On-going Crisis

 

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Traditional Quebec
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On-going Crisis
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1) The On-going Constitutional Impasse of the 1980s and 1990s

The new Constitution left a number of unresolved problems:

  • The Aboriginal people wanted confirmation of their treaty rights and the recognition of their right to self-government

  • The western provinces wanted a new elected Senate where they would be better represented

  • Most importantly, Quebec felt betrayed that its demand for a distinct society clause had been refused, thus depriving it of its power to veto federal laws that might endanger its specific culture, and symbolically depriving the Quebeckers of their special status as a founding people of Canada.

To this day, the new Constitution has not been ratified by the province of Quebec

The Liberal Party came back to power in Quebec in 1985 and opened new negotiations with the Federal government, which resulted in the Meech Lake agreement of 1987. The agreement proposed the addition of a clause to the Constitution to say that Quebec is a “distinct society”. In addition all provinces would be given a veto and Quebec would be given control over immigration. The agreement was blocked by the aboriginal movement in Manitoba and collapsed, causing deep anger in Quebec, where the separatist movement grew again. In 1990 a second round of negotiations resulted in the Charlottown agreement (distinct society, clause to recognize aboriginal rights), which was rejected by a national referendum.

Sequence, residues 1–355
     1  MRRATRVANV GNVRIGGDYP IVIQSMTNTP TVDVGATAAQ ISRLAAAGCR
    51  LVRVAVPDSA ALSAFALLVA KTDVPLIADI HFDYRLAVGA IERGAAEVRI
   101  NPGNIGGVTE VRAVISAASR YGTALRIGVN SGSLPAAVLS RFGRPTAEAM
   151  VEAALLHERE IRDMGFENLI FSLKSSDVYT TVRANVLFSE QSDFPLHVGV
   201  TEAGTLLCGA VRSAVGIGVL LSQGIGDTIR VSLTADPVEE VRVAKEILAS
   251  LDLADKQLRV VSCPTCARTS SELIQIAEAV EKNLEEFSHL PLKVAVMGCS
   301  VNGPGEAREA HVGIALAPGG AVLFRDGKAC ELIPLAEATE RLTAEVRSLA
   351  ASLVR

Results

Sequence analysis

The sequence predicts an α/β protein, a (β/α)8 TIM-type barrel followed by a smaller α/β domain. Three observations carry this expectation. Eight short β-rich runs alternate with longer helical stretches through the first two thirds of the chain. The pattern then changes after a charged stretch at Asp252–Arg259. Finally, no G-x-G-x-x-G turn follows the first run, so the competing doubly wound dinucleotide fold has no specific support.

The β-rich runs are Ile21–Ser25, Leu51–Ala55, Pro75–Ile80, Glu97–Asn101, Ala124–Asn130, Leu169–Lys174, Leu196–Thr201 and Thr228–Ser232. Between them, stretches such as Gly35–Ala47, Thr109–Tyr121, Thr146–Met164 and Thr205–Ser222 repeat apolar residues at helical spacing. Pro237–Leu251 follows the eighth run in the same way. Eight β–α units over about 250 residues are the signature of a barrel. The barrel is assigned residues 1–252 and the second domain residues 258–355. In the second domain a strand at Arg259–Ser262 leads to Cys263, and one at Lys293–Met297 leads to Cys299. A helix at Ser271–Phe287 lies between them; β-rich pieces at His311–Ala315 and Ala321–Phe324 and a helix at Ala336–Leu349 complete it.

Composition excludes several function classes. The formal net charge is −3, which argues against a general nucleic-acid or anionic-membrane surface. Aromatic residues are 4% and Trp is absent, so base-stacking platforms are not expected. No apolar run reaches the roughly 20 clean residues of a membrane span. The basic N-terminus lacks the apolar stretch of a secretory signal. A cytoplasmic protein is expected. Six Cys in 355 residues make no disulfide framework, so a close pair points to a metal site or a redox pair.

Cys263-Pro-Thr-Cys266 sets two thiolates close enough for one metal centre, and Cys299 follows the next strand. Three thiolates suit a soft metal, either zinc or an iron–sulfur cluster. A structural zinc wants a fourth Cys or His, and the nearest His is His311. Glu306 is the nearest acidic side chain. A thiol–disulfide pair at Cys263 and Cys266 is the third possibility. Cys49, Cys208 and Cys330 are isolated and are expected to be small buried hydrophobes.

In 1994 the Parti Québécois came back to power, and organized a new referendum on independence in 1995. Again the answer was no, but the result was very close, with 50.58 % of Quebeckers voting no and 49.42 % yes.

 

The Quebec Premier, Jacques Parizeau, blamed the result on “money and ethnic votes” (30 October 1995).

 

Jacques Parizeau - Battu par l'argent et le vote ethnique (30 octobre 1995)

https://www.youtube.com/watch?v=c2my8ikBQMY

 

 

2) Quebec and the Sovereignty Issue since 1995

 

After 1995 the sovereignist question long remained dormant in Quebec. The PQ was reelected in the 1998 elections, but lost to the Liberals, under the leadership of Jean Charest, in 2003.

 

During that period, the Bloc Québécois and Party Québécois made extraordinary efforts  to repair the damage done by Mr. Parizeau's declaration and "de-ethnicize" the sovereignist movement.

This worked to a certain extent; the election of André Boisclair as leader of the PQ in November 2005 marked the coming to power of a new sovereignist generation, which integrated an increasing number of high-profile ethnic Quebeckers. Many of them were the "children of Bill 101": first- or second-generation immigrants who grew up in Quebec attending French-language public schools and saw sovereignty as merely the formalization of what was already a reality for them.

However, most recent immigrants, especially those who are not Francophone, show little interest in promoting the Quebecois identity and tend to consider that an independent Quebec would be a less favourable economic environment than Canada. This is problematic for the sovereignty cause, especially since the share of recent immigrants in the Quebec population is growing as a combined result of decreasing birth rates and a strong immigration policy.

 

Other factors combine to explain the decline of the sovereignty issue:

- The strong presence of the Bloc Quebecois in Ottawa protected Quebec’s interest at the federal level and reduced the need for independence

- The effectiveness of Law 101 to protect the use of French in Quebec also made independence seem less necessary

 

 

There was also a change in the atttitude of the federal government after the arrival in power of the Conservatives in 2006:

 

- The Conservatives increased decentralization by making large fiscal transfers towards all the provinces so that they can take charge of social programs.

 

- They also offered a symbolic gesture when Parliament in 2006 voted a law that recognized Quebec as “a distinct nation within a united Canada”.

 

Read about "Harper's Love-in with Quebec" at

 http://www.thecanadianencyclopedia.com/articles/macleans/harpers-lovein-with-quebec